I am a research assistant professor at the School of Computing, KAIST. Previously, I recieved my Ph.D in Computer Science from KAIST (Korea) under the supervision of Prof. Sungho Jo. I completed my master degree in Computer Science at Boston University, working with Prof. Margrit Betke and Prof. Stan Sclaroff.
My research interests include algorithmic transparency, interpretability in affective intelligence, computational emotional dynamics, cerebral asymmetry and the effects of emotion on brain structure for affective computing, brain-computer interface, and assistive and rehabilitative technology. I am closely collaborating with Prof. Jo and his students (NMAIL at KAIST).
I occasionally review the following journals.
IEEE Transactions on Affective Computing
IEEE Transactions on Cybernetics
IEEE Transactions on Computational Social Systems
IEEE Transactions on Multimedia
Here is my CV.
Ph.D. in School of Computing, 2018
M.A. in Computer Science, 2010
B.S. in Computer Engineering, 2008
Human behavior is a complex interplay of three components(actions, cognitions, and emotions). While they are connected, it is hard to tell what exactly is cause and effect since they do not run independently of each other. The overarching goal of this research is to address these key challenges to build interactive systems to discover cause and effect relationship in human behaviors, powered by an unprecedented real-world dataset from users in their daily life. Particularly, This work has analyzed multi-modal data along with advanced wearable sensor technology.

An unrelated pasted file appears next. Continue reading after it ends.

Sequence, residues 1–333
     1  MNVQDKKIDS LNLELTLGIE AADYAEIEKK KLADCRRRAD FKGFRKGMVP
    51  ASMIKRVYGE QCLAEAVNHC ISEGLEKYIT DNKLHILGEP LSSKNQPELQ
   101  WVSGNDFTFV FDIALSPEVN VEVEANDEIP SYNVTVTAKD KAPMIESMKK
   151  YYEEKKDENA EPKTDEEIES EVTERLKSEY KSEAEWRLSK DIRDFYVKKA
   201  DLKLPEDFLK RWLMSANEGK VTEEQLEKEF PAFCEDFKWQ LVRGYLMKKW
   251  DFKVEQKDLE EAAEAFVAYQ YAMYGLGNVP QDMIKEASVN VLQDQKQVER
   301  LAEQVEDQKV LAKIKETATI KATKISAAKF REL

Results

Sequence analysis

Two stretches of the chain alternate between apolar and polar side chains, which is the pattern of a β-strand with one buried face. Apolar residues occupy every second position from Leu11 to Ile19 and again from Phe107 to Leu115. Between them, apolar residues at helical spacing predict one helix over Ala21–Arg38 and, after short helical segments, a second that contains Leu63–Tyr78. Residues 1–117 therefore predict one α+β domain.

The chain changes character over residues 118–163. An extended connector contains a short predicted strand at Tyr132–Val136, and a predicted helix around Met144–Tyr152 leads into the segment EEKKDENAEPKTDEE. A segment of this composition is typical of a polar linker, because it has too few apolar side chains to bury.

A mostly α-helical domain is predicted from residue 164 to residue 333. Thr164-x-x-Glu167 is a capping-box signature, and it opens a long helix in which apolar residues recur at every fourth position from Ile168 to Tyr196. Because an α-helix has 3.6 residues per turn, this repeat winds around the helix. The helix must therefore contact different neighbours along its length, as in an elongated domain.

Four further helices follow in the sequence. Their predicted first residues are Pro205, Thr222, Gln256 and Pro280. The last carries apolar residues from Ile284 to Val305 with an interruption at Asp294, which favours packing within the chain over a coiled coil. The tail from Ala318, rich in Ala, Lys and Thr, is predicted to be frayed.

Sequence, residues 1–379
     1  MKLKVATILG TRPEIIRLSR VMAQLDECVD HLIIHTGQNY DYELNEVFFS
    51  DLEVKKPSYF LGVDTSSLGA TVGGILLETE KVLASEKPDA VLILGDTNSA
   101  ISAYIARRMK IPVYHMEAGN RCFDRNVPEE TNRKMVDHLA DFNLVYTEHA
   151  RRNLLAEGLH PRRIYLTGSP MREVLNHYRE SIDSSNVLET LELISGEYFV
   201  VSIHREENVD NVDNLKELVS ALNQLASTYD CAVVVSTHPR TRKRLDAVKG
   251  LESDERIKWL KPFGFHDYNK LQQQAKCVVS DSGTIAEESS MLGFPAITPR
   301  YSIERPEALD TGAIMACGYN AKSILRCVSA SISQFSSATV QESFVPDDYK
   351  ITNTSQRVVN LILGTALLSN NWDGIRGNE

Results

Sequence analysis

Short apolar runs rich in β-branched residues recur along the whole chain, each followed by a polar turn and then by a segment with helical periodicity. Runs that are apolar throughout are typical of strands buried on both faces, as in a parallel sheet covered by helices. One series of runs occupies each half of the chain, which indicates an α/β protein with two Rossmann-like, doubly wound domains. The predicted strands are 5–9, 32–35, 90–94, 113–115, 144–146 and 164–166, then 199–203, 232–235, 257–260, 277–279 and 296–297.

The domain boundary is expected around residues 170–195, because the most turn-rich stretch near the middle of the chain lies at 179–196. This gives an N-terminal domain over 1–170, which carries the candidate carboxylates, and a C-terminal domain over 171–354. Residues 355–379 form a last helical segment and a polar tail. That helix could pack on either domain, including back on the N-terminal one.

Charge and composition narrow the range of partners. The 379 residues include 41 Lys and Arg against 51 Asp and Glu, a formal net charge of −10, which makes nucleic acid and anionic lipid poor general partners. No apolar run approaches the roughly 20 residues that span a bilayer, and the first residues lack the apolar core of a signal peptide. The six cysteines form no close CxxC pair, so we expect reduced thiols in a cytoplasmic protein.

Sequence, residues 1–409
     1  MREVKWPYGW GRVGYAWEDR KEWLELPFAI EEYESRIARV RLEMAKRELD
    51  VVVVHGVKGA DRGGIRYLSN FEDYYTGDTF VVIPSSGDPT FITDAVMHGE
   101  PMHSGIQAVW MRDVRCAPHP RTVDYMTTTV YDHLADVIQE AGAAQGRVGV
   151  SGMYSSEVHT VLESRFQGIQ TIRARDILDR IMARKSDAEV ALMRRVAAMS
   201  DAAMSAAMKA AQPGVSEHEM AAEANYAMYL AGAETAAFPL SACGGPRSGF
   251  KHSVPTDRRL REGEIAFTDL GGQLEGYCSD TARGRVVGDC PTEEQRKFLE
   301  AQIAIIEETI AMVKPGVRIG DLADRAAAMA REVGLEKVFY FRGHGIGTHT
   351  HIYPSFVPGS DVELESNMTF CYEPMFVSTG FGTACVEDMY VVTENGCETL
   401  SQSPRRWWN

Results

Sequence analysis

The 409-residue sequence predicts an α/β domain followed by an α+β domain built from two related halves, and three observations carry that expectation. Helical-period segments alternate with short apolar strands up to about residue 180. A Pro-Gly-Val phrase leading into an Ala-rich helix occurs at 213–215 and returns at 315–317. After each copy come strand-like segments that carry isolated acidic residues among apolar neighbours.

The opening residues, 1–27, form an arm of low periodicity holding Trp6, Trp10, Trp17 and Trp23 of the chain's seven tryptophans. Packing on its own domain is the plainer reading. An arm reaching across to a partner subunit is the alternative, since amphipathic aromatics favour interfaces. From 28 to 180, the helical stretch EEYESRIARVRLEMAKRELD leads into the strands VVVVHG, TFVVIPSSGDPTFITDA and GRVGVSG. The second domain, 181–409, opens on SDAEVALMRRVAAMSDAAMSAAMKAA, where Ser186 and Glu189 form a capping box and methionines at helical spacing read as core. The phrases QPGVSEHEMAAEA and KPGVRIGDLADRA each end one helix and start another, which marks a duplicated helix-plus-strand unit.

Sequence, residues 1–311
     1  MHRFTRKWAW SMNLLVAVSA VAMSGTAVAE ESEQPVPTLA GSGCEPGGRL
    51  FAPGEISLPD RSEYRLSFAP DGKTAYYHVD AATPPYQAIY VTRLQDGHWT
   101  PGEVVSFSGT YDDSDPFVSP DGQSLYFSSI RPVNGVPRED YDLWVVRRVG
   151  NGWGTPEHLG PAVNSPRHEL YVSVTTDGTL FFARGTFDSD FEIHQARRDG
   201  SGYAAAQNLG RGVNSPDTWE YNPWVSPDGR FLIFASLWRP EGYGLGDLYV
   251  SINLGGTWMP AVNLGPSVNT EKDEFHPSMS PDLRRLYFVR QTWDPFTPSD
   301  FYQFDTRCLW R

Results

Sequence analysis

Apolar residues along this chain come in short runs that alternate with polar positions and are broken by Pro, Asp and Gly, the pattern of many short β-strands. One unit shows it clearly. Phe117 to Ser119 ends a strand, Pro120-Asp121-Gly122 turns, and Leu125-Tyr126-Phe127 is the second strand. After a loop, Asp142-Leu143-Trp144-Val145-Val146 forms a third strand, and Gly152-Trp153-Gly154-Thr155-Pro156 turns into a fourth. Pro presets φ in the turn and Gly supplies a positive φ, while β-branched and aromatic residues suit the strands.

Brain-computer interface (BCI) technologies has translated neural information into commands capable of controlling mahcine systems such as robot arms and drones. Can our mind connect with such AI systems easily in daily life by wearing low-cost devices? To answer this question, my research aims to develop hybrid interfaces with EEG-based classification and eye tracking and investigate the feasibilty through a Fitt’s law-based quantitative evaluation method.
Artificial intelligence (AI) systems have achieved high predictive performance with explanatory features to support their decisions, increasing algorithmic transparency and accountability in real-world environments. However, high predictive accuracy alone is insufficient. Ultimately, AI should be solving the human-agent interaction problem. By hypothesis, explanations that are succinct and easily interpretable to users should enable users to develop a highly efficient mental model. In turn, their mental model should enable them to develop appropriate trust in the AI and perform well when using the AI. The main goal of this research is to build human-interpretable machine learning systems and evaluate their explanatory efficacy along with its effects on the mental models of users.